|Look in any direction and you'll find a run-down neighborhood of homes, rooming houses, small warehouses and a large, empty lot only blocks from Hackensack City Hall and the State Street renewal plan headlined in The Record's Local section today.|
|A house on the edge of the lot, which appears to have been the site of a warehouse or other type of business. The lot could be transformed into a park for neighborhood residents.|
There is a good deal missing in the Hackensack story that leads The Record's Local section today on a luxury-apartment plan that city officials are heralding as the first step in the renewal of Main Street (L-1).
Even more troubling is the sentence reporting the City Council will consider an ordinance to approve "a payment in lieu of taxes" from the developer.
The city's hard-pressed property tax payers -- already saddled with hundreds of millions of dollars in tax-exempt property -- can ill afford anything but full property taxes on new projects, especially if they add children to the crowded school system.
The State Street redevelopment area is only blocks from a neighborhood City Hall forgot -- at Park and Gamewell streets -- with a gaping open lot, homes and small warehouses.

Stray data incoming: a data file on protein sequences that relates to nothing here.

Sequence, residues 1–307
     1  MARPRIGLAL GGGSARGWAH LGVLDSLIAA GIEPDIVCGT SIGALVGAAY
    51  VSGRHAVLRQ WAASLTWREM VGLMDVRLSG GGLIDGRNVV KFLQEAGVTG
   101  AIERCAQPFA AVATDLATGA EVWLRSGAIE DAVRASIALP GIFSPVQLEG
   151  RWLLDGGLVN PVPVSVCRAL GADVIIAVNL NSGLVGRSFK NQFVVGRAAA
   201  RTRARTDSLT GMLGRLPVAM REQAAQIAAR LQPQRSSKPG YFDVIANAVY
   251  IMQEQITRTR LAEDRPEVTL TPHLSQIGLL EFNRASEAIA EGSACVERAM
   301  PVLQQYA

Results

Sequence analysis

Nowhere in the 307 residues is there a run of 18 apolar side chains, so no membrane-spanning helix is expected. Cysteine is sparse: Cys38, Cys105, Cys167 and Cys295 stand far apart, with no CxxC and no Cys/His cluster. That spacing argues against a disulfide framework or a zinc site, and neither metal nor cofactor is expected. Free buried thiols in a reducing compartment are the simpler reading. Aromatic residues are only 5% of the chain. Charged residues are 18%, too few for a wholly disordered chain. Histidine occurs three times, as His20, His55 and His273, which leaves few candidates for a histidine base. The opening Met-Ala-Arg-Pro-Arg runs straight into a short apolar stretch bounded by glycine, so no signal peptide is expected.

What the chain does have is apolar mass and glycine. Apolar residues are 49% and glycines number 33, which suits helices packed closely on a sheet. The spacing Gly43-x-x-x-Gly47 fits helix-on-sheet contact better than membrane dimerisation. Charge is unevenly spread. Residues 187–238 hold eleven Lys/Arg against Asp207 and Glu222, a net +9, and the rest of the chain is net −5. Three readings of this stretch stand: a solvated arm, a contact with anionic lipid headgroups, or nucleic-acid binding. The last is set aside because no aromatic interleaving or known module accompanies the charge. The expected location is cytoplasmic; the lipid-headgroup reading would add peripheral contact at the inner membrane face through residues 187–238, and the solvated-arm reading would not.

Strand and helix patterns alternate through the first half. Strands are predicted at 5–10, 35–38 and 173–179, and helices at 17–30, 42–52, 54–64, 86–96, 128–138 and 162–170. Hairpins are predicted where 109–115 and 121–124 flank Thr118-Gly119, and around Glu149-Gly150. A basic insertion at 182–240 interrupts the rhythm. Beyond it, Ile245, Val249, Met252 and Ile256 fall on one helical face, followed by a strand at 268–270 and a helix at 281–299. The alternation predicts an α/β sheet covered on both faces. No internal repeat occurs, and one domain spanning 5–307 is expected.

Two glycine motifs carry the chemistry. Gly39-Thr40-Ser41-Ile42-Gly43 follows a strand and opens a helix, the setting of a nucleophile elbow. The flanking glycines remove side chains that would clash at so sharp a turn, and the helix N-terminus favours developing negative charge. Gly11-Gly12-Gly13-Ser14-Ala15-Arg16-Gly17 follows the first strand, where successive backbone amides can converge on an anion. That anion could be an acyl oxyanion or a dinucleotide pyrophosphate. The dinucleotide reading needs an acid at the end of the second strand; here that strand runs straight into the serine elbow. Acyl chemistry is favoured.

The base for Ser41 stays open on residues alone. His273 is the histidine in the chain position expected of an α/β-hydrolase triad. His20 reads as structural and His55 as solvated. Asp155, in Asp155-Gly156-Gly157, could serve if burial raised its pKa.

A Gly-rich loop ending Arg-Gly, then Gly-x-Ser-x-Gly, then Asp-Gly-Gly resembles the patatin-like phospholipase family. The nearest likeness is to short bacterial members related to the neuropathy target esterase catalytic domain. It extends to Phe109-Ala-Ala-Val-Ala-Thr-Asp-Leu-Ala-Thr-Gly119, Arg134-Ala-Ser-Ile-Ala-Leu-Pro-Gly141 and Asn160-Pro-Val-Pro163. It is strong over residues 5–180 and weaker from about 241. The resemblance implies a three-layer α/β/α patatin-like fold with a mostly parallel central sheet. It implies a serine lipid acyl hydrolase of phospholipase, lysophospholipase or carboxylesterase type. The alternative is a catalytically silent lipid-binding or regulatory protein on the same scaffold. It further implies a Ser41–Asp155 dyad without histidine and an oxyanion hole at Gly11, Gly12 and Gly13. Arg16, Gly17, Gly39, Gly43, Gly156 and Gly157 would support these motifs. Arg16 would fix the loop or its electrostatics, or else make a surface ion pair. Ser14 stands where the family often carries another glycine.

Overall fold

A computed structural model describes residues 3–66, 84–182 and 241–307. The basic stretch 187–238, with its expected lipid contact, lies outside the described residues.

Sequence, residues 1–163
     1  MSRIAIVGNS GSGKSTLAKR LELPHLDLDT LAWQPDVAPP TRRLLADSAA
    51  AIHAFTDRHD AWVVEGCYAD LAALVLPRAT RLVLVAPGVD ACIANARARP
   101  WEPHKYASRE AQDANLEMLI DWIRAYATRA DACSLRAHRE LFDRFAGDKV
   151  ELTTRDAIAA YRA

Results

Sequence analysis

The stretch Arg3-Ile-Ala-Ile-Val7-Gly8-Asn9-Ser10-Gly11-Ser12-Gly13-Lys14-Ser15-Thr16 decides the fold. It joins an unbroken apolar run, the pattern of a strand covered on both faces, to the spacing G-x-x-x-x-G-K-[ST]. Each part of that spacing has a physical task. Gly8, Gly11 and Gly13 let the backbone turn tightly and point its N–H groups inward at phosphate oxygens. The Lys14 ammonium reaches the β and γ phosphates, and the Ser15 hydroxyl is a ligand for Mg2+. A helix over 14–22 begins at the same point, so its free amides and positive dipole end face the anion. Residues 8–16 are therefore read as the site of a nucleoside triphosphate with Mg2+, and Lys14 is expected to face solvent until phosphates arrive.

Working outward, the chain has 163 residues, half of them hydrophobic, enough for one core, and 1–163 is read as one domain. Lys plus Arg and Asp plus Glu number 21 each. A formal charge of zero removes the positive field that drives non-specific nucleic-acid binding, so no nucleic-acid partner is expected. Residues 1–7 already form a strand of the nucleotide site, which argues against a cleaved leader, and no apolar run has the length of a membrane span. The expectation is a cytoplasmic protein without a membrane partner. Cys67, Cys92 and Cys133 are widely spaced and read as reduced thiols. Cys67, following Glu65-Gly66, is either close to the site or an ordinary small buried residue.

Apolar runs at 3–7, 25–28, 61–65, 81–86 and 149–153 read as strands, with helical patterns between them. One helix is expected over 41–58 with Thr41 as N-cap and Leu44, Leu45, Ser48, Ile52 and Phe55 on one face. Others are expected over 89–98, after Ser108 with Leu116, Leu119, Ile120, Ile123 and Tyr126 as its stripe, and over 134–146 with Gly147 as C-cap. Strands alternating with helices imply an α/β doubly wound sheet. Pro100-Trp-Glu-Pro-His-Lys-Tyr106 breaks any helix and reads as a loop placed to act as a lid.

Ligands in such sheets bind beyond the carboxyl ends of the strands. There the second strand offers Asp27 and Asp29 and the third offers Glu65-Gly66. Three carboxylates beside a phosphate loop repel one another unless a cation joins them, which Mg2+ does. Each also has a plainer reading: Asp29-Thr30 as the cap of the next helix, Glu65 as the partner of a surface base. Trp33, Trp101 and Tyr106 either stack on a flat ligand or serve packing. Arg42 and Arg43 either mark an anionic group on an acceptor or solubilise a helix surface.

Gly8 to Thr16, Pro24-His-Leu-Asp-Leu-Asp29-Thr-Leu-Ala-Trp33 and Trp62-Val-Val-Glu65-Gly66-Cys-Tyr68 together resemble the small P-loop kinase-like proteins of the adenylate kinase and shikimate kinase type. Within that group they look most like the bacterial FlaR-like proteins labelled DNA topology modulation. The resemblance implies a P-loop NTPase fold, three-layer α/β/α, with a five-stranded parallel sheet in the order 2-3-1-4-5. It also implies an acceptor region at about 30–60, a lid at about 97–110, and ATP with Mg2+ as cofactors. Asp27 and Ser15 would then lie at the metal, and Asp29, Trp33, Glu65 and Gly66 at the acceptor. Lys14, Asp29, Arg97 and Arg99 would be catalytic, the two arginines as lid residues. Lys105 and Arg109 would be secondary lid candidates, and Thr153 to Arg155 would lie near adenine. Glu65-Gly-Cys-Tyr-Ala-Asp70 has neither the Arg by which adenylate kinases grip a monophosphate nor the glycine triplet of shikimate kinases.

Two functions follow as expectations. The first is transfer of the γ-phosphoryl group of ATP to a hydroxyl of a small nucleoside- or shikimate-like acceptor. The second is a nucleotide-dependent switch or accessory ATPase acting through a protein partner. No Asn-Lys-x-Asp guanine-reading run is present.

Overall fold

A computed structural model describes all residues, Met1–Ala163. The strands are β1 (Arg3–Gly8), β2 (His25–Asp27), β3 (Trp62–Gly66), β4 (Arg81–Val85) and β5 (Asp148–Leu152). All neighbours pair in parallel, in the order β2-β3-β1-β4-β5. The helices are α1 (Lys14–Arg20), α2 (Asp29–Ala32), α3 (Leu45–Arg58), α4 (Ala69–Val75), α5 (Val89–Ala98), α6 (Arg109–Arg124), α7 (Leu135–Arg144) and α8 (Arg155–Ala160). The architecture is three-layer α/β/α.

Clearly, the City Council feels more comfortable giving tax breaks to wealthy developers than it does in giving neighborhood residents a break in the form of a park or other amenity.
|Tractor-trailers must wake up residents or at least assault them with unwanted noise. In the background are high-rises on Prospect Avenue, where residents contend with aircraft noise from business jets headed for Teterboro Airport.|
|Lawyers who must appear in Municipal Court and worshipers at a nearby mosque on Trinity Place -- a former Knights of Columbus hall -- use the neighborhood off Union Street for the free street parking it offers.|
|I couldn't find anyone who knew how long this lot has been empty, what had been there or how long ago it had been torn down.|
The thumbnail photo of Governor Christie's full, jowly face on Page 1 today could serve as a compelling argument for New Jersey to adopt the whale as the state fish.
Christie blasts the leadership in Washington, but continues to make a mess of state finances, including a pension system for public workers that has an unfunded liability of $47.2 billion (A-1).
Englewood also is mismanaged, as today's A-1 story on school outsourcing makes clear.
The wealthy city counts Chairman Malcolm A. "Mac" Borg and Rabbi Shmuley Boteach as residents, two reasons there are few white students in the public schools.
I love the front-page Chris Pedota enterprise photos of a man balancing a tire on his head in Paterson, but isn't the caption wrong in describing what he is doing as "acrobatic skills"?
You can always count on Production Editor Liz Houlton's copy desk to screw something up on Page 1, and for everyone else to miss it.